On Being Asked “Why Are You So Afraid of Death?”

Have you lived in eternity?

Revelled in it?

The thin pale veil

Of Belief and Meaning,

God’s Love, your everlasting soul,

Fluttering before your eyes,

Though you are not sure

what tethers it to you?

 

Have you ever wondered whether

A gentle breeze would be enough

To blow it all

Into the pale blue sky?

 

Have you lost eternity?

Has your familiar universe

Turned strange to you in an instant–

Vast, unknowable, and indifferent–

Your soul and God’s Love stripped away,

Time suddenly constricting you,

Eternity closed off to you,

And all of this happening

For no discernible reason?

 

Has panic tickled your ears and neck,

Heaved your guts,

Clenched your breaths,

When you think about death

And try to imagine non-existence?

 

 

Why am I so afraid of death?

I don’t know, ask

My grandmother who died from cancer,

Who wept on her last Christmas and

Whose eyes betrayed uncertainty

In the final days when Father Albert came

To administer her last rites.

 

Ask the chipmunk my cat paralyzed,

Who hid under my car and could not stop

The eyes rolling in its head, the breaths,

Shallow and fast, that heaved its chest,

The unmistakable signs

Of panic and fear

That recurred in my nightmares.

 

Ask anyone afraid of anything unknown, or

Do some thinking on your own;

Fear is not hard to imagine.

Blue

Kris Kristofferson

Liked his women with an air

Of unrestrained musicality,

As free as the free-spirited

Bobby McGee,

Who pretty much risked her life

Hitching them a ride

(Do you know how many people

Have been murdered that way?),

And expressed her love

Through someone else’s songs,

And exited quietly at stage right

Before he even got to know her,

Without explanation or reflection

(Probably because she soon was murdered…),

Leaving him sorrowful but in love–

The way a good fantasy

Woman does.

 

But when a real woman, self-assured,

Wrote her own sorrowful songs,

Unrestrained by regret or shame,

With the nuance of a self-aware adult

Reflecting upon the men she had loved,

And sharing with us all

An intimacy unparalleled–

The sadness of having a daughter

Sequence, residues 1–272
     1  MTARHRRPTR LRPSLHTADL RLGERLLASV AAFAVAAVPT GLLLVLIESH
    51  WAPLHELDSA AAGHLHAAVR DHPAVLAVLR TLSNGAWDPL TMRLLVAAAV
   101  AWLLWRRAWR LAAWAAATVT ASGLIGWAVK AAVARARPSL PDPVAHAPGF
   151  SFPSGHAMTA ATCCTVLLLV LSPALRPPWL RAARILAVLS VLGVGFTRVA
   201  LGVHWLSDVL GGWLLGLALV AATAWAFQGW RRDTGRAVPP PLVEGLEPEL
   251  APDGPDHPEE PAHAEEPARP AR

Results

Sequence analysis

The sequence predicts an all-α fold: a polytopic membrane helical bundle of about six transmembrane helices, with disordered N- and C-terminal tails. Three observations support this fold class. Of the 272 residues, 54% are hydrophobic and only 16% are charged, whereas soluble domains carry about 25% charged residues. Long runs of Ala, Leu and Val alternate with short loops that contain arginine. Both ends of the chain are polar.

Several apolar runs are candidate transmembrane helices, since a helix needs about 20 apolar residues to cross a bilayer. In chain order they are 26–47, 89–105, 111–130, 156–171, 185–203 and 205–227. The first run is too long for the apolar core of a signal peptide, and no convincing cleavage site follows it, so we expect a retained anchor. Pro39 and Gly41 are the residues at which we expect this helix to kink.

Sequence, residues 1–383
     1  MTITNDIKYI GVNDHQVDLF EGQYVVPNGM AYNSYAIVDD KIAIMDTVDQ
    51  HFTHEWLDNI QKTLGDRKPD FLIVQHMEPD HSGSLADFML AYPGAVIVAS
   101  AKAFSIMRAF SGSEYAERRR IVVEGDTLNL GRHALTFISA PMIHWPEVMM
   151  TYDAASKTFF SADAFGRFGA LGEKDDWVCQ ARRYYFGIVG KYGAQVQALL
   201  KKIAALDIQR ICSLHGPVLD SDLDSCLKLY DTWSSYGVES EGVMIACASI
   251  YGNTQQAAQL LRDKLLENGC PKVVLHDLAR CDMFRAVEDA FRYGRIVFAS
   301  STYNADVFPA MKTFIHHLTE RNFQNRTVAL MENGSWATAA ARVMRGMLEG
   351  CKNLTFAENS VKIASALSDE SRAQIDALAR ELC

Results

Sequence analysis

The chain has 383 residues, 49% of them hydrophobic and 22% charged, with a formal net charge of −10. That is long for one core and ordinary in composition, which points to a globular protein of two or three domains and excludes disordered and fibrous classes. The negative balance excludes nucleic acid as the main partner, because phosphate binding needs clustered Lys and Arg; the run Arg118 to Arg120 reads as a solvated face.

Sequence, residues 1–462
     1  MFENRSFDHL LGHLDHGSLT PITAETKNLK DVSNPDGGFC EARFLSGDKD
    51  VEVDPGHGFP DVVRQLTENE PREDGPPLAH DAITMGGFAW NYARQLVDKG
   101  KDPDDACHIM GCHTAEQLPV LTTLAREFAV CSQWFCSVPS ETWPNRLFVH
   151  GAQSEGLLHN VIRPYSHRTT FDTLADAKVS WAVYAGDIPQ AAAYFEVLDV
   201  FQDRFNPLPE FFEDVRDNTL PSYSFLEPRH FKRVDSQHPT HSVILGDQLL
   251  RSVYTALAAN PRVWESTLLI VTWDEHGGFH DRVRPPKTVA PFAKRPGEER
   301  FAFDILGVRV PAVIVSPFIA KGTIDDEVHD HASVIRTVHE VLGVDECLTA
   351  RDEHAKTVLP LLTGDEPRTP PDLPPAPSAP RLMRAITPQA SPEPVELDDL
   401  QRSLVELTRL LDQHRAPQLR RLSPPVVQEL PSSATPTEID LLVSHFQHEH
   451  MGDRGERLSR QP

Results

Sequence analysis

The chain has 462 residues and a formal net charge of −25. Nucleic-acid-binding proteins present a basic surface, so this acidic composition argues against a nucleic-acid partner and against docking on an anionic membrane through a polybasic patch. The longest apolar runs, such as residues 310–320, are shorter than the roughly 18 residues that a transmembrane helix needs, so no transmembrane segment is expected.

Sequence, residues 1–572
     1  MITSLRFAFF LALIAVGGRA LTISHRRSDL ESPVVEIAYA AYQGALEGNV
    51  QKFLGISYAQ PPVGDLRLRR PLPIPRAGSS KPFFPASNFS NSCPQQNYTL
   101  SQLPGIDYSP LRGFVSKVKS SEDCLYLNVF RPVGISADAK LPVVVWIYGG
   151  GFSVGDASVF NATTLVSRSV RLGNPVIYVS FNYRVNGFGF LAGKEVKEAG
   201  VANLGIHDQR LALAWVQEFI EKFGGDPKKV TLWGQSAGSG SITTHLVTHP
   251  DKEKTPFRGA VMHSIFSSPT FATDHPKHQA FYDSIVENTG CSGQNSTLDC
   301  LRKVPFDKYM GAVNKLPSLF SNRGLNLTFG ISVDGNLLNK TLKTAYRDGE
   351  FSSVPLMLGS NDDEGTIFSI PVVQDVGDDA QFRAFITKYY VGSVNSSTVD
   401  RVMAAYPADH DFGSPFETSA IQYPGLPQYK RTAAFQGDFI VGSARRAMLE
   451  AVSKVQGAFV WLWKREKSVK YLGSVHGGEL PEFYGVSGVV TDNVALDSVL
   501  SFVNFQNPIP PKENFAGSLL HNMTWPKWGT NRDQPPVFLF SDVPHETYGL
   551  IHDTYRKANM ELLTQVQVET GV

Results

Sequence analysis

And not being able to be her mother–

And painting with words

An entirely new picture

Of what being human is really like

–he didn’t find it quite so charming.

 

“God Joni,” he said, “save something for yourself”,

As if he had the right to stop an icon in her tracks,

To tug her back into line,

As if saying that didn’t make him

A supreme ass.

 

What am I Today?

Check all that apply

    • A virginal sweetheart you’ll treat with respect?
    • A fragile creature you must protect?
    • A child to whom you must explain?
    • Meat over which you’ll salivate?
    • The pretty young thing you want to fuck?
    • Begging for you to touch my butt?
    • A magic vessel to bear your sons?
    • Over-emotional (must be that time of the month)?
    • Hysterical? Doctor knows the trick…
    • The slut you’ll tell to suck your dick?
    • The heartless bitch who walks away?
    • Something for you to dominate?
    • Less a person than a goal?
    • The succubus who’ll steal your soul?
    • A witch who’ll tempt you with my gaze?
    • Fickle betrayer, lying in wait?
    • Eve, the apple, the tree, and the snake?
    • Something less than the sum of its parts?
    • Every woman who’s ever broken your heart?
    • Your mother, your sister, your daughter, your wife?
    • Your manic pixie dream of me, existing just to light up your life?
    • …Maybe, finally, just myself?

Pops

You liked sitting in the last pew,

The one with blue-cushioned chairs,

From which there was a clear view

Of a high stained-glass window

And the anguished face of our Lord on the cross

Gazing down at all of us.

 

I spent my childhood at your home:

Summers swimming in your pool,

Bare feet cool on your grassy lawn,

Picking hawkweed and dandelions–

Bursts of yellow and orange life–

Which sprouted near the old stone wall

That ran along your property line.

 

Your lawn was enclosed on all sides by trees–

Oaks, pines, white birch, blueberries–

Which sheltered us in their generous shade.

 

In fall, the oaks turned red as flames

Then one-by-one they dropped their leaves,

Which you always raked into one big heap

So my siblings and I could take turns

Burying each other inside,

The leaves now brown and autumn-sharp,

Smelling like the woods on Halloween,

And burst out screaming “Here I come!”,

A game we called “Dead Man Walking.”

 

You died when I was just sixteen

Of a heart attack,

At the hospital, almost all

The ones who loved you

By your side.

Except for me–

I was traveling

Between England and Ireland

When my mom,

Your only daughter,

Called two days later

To say

“Honey, Pops died.”